I am an Independent Financial Adviser
    Anything I say on the forum is for discussion purposes only and should not be construed as personal financial advice. It is vitally important to do your own research before acting on information gathered from any users on this forum.
    • Bogof_Babe
    • By Bogof_Babe 26th Jul 09, 10:08 PM
    • 9,380 Posts
    • 14,364 Thanks
    Bogof_Babe
    You're thinking of state pensions. State pensions are paid for as required from national insurance contributions. Anything we put into our own pension pots is ours. Final salary schemes become a little tricky because the company effectively has to stay in business to keep paying their retired employees if there is a deficit. Defined contribution schemes are much more straightforward.
    Originally posted by Aegis
    I actually meant final salary schemes (such as I have, albeit frozen until I reach 65). If it goes into deficit due to the longevity of current pensioners, there's no guarantee there will be anything left when my turn comes. If current employees all boycotted the scheme (assuming it was still open to new members) the money would soon run out.

    Point taken about defined contribution pensions though. They "have your name on it" presumably. Then it's only the skill of those investing your money that determines how much you get at retirement, so although you might have a decent sized fund, the return is still an unknown isn't it?
    I haven't bogged off yet, and I ain't no babe


  • gozomark
    what about the per capita amount of UK state debt....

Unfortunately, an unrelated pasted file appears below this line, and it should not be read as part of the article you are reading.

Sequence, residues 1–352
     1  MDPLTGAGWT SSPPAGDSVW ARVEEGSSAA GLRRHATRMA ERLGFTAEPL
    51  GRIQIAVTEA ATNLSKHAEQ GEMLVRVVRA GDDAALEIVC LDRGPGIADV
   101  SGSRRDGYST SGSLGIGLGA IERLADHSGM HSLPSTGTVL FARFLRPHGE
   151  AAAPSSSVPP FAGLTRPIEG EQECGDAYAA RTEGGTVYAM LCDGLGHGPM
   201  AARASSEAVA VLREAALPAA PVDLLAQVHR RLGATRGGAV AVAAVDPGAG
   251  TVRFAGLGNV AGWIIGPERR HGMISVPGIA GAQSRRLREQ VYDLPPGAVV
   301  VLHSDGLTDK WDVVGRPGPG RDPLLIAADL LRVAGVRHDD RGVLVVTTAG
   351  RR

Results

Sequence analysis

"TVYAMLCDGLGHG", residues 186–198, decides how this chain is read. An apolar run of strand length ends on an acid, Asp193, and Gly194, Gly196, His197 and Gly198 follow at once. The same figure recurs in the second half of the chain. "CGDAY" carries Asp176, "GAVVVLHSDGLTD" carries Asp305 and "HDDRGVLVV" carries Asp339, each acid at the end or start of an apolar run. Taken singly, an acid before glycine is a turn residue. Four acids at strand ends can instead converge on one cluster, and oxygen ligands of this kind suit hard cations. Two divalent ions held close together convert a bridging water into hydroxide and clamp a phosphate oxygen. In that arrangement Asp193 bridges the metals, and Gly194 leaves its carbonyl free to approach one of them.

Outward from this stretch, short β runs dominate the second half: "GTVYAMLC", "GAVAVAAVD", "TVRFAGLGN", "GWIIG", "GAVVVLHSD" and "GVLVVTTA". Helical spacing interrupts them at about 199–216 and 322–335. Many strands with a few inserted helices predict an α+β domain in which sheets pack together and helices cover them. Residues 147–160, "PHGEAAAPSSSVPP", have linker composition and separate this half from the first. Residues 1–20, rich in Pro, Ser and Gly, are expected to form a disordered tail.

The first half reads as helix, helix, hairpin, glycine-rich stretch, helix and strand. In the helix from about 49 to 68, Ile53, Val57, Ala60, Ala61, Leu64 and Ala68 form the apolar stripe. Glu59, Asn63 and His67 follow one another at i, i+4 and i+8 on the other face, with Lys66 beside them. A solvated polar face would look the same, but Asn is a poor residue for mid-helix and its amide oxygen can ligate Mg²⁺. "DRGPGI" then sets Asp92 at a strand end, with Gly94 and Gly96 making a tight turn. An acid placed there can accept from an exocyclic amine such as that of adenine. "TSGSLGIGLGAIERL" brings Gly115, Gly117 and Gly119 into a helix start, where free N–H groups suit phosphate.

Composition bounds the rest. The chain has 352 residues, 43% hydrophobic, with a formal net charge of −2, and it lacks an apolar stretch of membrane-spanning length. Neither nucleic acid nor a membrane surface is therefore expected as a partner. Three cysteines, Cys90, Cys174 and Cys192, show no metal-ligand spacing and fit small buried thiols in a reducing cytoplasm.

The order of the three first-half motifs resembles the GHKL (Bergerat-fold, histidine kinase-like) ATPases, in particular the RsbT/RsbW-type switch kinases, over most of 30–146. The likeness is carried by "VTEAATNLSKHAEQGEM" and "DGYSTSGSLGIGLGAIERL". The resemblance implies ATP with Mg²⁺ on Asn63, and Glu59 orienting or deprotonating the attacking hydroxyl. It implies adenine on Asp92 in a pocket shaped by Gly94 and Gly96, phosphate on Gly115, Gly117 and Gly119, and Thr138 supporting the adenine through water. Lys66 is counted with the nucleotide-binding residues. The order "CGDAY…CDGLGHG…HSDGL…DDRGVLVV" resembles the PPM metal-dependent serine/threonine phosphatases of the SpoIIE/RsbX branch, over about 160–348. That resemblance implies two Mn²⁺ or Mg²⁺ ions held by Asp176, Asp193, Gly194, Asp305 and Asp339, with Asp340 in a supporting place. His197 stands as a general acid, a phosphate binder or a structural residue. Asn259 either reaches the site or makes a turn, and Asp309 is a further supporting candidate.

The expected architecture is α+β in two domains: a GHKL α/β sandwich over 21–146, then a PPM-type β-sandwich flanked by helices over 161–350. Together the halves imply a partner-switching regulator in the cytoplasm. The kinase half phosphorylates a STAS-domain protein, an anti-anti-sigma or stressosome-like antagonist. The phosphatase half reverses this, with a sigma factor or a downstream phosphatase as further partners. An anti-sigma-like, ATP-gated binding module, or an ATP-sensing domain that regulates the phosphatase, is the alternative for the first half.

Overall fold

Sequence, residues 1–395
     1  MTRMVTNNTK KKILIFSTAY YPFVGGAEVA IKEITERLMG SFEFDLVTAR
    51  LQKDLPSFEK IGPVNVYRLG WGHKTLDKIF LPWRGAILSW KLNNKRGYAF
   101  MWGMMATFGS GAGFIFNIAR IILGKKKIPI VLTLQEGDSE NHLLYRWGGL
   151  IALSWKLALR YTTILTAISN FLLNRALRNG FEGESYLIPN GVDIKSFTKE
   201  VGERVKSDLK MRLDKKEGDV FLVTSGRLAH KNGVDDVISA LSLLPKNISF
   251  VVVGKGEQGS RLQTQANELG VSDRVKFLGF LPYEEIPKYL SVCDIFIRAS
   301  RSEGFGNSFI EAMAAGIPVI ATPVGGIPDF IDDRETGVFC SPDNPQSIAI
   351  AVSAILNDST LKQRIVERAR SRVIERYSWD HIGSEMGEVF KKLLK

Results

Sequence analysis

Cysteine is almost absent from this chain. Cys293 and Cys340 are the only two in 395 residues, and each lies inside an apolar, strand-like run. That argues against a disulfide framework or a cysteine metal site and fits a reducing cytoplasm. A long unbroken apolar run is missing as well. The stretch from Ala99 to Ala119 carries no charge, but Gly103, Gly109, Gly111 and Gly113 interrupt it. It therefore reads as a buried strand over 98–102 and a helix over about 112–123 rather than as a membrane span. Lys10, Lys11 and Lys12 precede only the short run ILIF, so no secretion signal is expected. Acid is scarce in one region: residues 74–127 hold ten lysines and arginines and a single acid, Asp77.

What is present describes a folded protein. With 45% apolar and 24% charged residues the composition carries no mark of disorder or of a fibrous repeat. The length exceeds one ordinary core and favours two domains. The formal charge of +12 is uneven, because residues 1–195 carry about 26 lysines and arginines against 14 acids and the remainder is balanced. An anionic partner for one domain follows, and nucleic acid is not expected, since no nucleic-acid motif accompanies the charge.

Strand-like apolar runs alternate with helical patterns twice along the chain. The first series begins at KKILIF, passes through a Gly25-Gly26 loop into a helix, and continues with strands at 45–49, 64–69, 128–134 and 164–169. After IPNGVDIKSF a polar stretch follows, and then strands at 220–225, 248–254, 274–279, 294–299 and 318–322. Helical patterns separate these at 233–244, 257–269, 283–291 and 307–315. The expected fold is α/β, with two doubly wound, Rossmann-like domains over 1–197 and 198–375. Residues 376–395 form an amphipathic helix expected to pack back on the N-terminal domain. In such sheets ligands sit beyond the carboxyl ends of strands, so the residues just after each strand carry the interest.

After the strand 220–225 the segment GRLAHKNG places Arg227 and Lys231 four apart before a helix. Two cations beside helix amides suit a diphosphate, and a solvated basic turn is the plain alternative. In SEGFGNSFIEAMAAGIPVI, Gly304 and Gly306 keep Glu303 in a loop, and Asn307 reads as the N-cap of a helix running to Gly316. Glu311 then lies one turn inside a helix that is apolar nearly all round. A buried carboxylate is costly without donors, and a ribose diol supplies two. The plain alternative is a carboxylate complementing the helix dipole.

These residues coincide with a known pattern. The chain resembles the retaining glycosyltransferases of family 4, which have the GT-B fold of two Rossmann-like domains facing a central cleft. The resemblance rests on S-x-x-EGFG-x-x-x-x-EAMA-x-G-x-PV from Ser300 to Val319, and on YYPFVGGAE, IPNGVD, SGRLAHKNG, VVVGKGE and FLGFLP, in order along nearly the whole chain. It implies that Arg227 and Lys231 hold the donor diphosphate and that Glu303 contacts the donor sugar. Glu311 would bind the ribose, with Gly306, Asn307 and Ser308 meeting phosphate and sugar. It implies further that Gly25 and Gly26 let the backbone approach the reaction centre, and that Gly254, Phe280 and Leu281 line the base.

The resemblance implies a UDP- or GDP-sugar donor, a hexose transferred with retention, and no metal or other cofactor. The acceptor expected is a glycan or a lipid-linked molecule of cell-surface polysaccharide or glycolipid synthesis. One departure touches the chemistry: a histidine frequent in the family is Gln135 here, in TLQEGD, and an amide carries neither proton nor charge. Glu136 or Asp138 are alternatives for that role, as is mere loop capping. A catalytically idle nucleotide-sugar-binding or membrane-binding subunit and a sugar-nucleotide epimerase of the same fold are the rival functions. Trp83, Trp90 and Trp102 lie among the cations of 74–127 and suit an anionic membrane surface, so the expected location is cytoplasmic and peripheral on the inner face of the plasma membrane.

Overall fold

• EdInvestor
    I actually meant final salary schemes (such as I have, albeit frozen until I reach 65). If it goes into deficit due to the longevity of current pensioners, there's no guarantee there will be anything left when my turn comes.
    Originally posted by Bogof_Babe
    There is now, via the Pension Protection Fund.

    However you cut it, non state retirement savings are always seen as part of household assets, as is property.

    You can always purchase housing services by renting.If you sell your property and invest the money and use the interest to pay the rent, you still have that capital.
  • gozomark
    but who provides the guarantee on the Pension Protection Fund ? Other UK citizens
    • td_007
    • By td_007 26th Jul 09, 10:28 PM
    • 1,149 Posts
    • 417 Thanks
    td_007
    IMHO people also don't realise that the levels of prosperity in the Uk have been steadily rising for around 15 years now.Don't forget there was a long period pre credit crunch when the economy was stable, with rising employment and wages, low inflation and interest rates and low basic costs (eg food, gas and elec).
    Originally posted by EdInvestor
    It is not really clear how much of it was "real" rise and how much of it was fueled by the credit bubble which finally burst. The reality is people could afford to buy houses and too big ones which could not actually afford because of easy credit, they could splurge in shopping because of easy credit, spend big on holidays because of easy credit. Now when credit has become tight you see the number of repossessions rising, retail spend at its lowest ever, holidays cut down drastically.

    Really one should be asking how much "disposable" assets do people have - hard cash saved and what can be sold off without cutting back their present quality of life.
  • EdInvestor
    It is not really clear how much of it was "real" rise and how much of it was fueled by the credit bubble which finally burst.
    Originally posted by td_007
    It is actually clear.The figures quoted in the survey and in the Govt's household wealth survey are net of debt.There simply wasn't as much debt as you think in comparison with the value of the assets.

    Repos so far are less than 1% of total mortgages - if people were in real trouble you'd expect a far higher percentage than that.

    I think quite a few people think the spending had got a bit unbalanced - it was leading to quite a lot of waste for a start - so some people have taken steps to moderate this - eg by paying down debt/mortgages voluntarily while interst rates are so low..But most of them are not forced to do this, they just think it's sensible especially while savings rates are so poor.
    Last edited by EdInvestor; 26-07-2009 at 10:37 PM.